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Report: Teaching English Reduces Economic Inequality

Improving English language skills can raise immigrants' earning potential as much as 24 percent. (Korean Resource Center/Flickr)
Improving English language skills can raise immigrants' earning potential as much as 24 percent. (Korean Resource Center/Flickr)
March 29, 2016

NEW YORK - Helping immigrants learn English can have a big impact on their earning potential, according to a new report. "Teaching Toward Equity," by the Center for Popular Democracy and Make the Road New York, says income inequality is one of the most pressing issues facing New York.

According to research analyst Kate Hamaji, report co-author, helping immigrants improve their English language skills can raise their earning potential by as much as 24 percent.

"If all limited-English-proficient individuals in New York City became English proficient, they could see a cumulative increase in earnings of $3.1 billion to $5.8 billion," says Hamaji. "And at the state level, earnings could increase by $4.5 billion to as much as $8.2 billion."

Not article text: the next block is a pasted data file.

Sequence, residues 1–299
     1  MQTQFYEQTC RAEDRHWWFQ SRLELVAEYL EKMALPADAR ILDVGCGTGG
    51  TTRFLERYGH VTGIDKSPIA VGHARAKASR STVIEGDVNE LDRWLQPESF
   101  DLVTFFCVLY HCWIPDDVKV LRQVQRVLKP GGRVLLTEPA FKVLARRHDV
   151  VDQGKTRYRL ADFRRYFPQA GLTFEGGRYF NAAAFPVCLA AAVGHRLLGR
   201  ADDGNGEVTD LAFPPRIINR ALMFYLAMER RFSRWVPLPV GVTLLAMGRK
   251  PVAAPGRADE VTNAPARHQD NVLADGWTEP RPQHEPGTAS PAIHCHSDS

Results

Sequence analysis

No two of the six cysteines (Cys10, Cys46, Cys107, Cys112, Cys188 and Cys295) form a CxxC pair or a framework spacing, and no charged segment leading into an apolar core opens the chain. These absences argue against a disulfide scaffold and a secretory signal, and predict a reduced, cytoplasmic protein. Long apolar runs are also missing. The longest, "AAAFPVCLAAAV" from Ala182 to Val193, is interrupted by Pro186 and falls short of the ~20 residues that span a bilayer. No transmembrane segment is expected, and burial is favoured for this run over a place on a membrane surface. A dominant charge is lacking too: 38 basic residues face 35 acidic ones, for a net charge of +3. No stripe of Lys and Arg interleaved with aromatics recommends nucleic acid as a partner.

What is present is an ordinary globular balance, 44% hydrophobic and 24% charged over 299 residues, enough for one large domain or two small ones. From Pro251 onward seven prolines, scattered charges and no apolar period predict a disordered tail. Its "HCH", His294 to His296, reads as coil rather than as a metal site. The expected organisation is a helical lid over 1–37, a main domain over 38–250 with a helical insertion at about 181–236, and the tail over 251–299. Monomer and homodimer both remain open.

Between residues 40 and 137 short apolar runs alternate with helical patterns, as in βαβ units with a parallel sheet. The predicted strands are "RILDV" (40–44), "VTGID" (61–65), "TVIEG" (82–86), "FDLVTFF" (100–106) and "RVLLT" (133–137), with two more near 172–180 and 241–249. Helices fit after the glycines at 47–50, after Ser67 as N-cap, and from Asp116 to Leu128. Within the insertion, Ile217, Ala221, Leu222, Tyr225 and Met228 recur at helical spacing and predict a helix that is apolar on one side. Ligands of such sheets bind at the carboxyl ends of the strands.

The report calls on the city and state to increase funding for English-language programs in the coming fiscal year.

Hamaji says in New York City, new investments of $16 million would help more than 13,000 additional students attend adult literacy programs.

"And then at the state level, we are recommending the New York State Education Department increase funding for adult literacy education to $17.2 million," she says.

They also recommend $10 million investments in occupational skills training and workforce development programs for immigrants across the state.

And Hamaji points out helping immigrants increase their earnings would do more than reduce income inequality. She says it also would benefit local businesses and the state's bottom line.

"People spend money locally," says Hamaji. "It would generate increases to local and state taxes, all of which is beneficial to the local and state economy."

She says increasing English-language proficiency would build on other successful initiatives to combat inequality, including universal pre-K and New York City's municipal ID program.

Andrea Sears, Public News Service - NY